“Use your eyes, look up and all around you – there are traces of the city’s history all around you.” These were the words of our guide on the Liverpool Slavery History Tour, a fascinating snapshot of a bygone era that some might rather forget …
There are so very many things to see and do in Liverpool. Beatles fans couldn’t wish for more opportunities to discover their idols, there’s great art at Liverpool Tate and the Walker Art Gallery, brilliant food, pubs and bars to suit every taste and pocket – and so much more.
But – there is a part of Liverpool that some would prefer to keep hidden. Its majestic buildings, historic docklands and very essence exists because of its position on the River Mersey – and that river has a dark past.
I joined Eric Lynch, oral historian and creator of The Slavery History Tour on one of his fascinating walks back in time. Liverpool born and bred and with an encyclopedic knowledge, he took us around some of the monuments and painful reminders of the slave trade that few Liverpudlians know about – and some would rather we didn’t.
We set off from the Maritime Museum where he had helped put together their excellent International Slavery Exhibition. From there we walked around the docks and over to the iconic Liver Building. All the time Eric told us gripping and heart-wrenching tales of how Liverpool gradually built its wealth on the shackled peoples from Africa and the Caribbean, traded for bags of rice, gin, cotton, sugar, tobacco …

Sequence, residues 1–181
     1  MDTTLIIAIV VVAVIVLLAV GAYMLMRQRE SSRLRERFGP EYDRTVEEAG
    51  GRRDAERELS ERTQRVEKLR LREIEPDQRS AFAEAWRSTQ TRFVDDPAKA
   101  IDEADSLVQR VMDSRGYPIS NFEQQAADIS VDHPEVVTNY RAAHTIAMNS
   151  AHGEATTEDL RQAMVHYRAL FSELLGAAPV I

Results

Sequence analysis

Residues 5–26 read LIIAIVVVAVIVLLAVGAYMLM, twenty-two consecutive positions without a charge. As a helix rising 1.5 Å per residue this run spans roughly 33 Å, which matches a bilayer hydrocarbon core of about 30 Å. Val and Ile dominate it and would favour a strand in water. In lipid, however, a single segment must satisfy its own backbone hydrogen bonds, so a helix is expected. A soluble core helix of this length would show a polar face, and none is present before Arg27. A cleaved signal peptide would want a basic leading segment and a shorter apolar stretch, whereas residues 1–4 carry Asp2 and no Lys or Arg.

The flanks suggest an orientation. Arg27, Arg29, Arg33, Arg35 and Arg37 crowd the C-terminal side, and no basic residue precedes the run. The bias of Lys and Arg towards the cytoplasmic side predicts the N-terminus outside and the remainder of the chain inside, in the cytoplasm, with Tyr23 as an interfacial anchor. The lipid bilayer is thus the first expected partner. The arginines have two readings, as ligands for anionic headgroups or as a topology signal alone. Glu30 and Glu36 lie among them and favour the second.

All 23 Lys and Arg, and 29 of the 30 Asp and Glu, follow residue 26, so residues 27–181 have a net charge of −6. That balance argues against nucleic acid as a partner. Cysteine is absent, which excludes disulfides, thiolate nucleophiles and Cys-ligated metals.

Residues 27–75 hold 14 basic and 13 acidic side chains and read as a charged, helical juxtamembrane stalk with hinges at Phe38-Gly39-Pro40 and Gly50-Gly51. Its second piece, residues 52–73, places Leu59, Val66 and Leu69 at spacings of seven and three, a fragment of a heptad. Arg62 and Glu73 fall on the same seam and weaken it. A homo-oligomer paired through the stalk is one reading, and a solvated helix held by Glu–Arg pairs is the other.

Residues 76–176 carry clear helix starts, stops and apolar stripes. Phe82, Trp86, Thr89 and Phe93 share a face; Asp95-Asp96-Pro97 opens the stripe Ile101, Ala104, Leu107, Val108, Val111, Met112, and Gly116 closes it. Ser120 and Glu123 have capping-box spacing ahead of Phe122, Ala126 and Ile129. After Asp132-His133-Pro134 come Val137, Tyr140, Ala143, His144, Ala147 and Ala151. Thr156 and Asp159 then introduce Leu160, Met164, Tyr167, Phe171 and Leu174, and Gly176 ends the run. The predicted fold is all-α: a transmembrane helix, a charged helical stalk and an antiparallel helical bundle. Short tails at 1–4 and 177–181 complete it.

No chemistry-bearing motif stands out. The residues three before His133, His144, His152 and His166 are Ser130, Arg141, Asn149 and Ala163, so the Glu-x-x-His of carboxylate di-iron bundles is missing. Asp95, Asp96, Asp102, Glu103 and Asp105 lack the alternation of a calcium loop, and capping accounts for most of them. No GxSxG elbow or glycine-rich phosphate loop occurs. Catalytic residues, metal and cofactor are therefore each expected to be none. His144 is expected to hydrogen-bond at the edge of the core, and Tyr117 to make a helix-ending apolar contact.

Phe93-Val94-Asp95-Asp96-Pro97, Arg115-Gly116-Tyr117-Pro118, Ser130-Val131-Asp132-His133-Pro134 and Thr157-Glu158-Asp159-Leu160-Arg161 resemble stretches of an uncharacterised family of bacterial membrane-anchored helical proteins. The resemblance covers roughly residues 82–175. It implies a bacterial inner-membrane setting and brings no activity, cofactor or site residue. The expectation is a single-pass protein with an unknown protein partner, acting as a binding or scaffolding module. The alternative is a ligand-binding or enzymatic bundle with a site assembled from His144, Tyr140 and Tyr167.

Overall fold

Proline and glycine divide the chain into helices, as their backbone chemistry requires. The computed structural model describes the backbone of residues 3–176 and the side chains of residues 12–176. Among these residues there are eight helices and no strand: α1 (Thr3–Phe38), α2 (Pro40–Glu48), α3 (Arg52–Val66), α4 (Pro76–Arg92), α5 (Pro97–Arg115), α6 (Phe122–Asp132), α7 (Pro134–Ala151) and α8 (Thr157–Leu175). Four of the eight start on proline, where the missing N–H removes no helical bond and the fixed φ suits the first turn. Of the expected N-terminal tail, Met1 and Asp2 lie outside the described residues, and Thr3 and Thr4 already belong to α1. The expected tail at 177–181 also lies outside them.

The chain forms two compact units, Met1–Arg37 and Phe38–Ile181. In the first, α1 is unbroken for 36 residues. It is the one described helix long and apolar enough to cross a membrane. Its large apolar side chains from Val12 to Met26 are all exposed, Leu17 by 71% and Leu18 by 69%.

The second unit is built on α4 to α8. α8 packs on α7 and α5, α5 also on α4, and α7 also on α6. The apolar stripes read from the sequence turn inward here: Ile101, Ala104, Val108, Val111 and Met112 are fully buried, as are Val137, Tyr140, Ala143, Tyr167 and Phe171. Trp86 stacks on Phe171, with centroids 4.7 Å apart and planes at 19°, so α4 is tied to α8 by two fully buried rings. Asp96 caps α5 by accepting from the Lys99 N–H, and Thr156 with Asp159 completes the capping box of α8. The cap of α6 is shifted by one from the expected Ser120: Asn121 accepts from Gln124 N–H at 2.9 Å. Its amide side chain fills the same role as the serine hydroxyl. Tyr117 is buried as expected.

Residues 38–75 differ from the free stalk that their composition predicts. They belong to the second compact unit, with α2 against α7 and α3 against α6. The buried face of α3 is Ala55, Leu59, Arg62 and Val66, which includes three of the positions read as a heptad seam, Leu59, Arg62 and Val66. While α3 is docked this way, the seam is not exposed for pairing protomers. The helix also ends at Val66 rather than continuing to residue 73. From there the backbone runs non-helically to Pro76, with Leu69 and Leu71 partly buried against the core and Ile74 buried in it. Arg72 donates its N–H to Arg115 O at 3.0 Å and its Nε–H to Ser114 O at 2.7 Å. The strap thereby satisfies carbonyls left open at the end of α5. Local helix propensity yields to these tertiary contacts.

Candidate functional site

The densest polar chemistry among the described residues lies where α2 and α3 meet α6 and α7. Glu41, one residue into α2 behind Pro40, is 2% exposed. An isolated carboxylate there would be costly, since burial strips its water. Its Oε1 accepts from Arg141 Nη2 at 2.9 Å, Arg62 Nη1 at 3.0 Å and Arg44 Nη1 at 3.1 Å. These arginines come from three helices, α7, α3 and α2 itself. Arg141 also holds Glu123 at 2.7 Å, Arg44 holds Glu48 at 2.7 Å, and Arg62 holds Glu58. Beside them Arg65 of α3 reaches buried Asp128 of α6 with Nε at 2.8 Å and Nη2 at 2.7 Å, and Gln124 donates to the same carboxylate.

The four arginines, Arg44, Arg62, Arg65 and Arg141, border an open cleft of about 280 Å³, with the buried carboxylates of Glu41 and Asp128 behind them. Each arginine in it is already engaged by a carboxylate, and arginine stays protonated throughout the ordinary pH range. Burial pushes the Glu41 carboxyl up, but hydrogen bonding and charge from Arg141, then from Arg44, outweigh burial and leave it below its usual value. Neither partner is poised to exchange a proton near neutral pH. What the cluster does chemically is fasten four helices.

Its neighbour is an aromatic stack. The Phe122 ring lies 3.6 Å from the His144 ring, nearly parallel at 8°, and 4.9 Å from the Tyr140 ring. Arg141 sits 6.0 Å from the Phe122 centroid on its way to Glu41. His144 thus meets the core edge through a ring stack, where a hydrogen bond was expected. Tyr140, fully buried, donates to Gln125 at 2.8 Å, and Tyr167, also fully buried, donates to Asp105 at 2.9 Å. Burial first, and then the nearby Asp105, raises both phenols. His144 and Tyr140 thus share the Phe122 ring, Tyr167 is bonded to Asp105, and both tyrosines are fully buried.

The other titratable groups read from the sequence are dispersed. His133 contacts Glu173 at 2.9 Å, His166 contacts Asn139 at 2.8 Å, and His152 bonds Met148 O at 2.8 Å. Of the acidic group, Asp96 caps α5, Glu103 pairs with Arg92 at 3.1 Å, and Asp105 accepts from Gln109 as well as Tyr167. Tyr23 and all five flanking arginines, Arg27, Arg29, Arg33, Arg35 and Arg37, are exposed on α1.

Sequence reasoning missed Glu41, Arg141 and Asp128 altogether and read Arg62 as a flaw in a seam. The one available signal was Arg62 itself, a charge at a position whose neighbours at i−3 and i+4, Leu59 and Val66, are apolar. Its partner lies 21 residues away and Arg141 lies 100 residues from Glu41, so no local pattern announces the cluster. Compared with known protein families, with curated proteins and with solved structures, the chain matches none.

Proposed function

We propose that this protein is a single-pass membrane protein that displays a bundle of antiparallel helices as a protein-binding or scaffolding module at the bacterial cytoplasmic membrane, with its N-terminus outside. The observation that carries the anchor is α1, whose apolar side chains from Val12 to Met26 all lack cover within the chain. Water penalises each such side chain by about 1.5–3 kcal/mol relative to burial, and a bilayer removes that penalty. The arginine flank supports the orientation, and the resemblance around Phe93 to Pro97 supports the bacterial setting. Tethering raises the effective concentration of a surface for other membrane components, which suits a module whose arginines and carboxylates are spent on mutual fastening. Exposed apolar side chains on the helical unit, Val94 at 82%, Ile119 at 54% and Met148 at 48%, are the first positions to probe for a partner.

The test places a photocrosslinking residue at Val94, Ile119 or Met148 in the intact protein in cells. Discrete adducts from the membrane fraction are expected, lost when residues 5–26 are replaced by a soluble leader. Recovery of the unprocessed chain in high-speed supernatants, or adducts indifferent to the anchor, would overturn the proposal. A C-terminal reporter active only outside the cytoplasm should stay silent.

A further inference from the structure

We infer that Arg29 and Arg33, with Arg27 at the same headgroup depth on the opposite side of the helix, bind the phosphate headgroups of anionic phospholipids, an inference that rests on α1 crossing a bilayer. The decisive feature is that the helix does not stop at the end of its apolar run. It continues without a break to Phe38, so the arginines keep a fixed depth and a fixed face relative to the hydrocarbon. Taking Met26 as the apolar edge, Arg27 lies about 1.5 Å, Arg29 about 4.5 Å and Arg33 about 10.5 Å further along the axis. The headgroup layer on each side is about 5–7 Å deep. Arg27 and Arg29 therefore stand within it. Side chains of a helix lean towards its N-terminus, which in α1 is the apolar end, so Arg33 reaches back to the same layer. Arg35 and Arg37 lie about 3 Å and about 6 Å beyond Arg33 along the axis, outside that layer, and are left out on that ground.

I was brought up only 20 miles from Liverpool but my eyes were opened to so many new sights and also feelings about this great maritime city. The wrought iron motifs on the Liver Building, the strange and varied heads adorning the Cunard Building, the church which seems to want to deny any connection to this very dubious past … But the most memorable image for me was the marble bas reliefs on either side of the entrance to Martin’s Bank, Exchange Square – a giant figure of Neptune resting his webbed hands on the heads of two black children, their wrists and ankles clearly encircled by what could well be the manacles of slavery.
I was privileged to interview Eric after the tour- he is a truly inspiring person and if you are ever in Liverpool do see if he’s around. Don’t leave it too long; he’s told me he wants to go off on his own quirky travels someday soon …
I have not done the tour, but have seen the fascinating exhibition at the Maritime Museum. Highly recommended. After reading this, I think it is time I revisited my former student home.
The Museum is excellent isn’t it. If you do get the chance Barry, see if you can go on one of Eric’s tours. I first saw him on TV and it was an eye-opener to another aspect of city history.
Hello could you email details of the next tour. The link is no longer working.
Hi Lynne – apologies for this. I am guessing that maybe it doesn’t run anymore as the article was written 12 years ago. I will update the site. If you contact Liverpool Tourism they be able to help.
I also was lucky enough to do the tour with Eric about 13 years ago. He is an incredible story teller and historian .
Oh that is wonderful Rachel. I am not sure he is still doing those tours now. We were very lucky to experience his knowledge and passion for this challenging topic.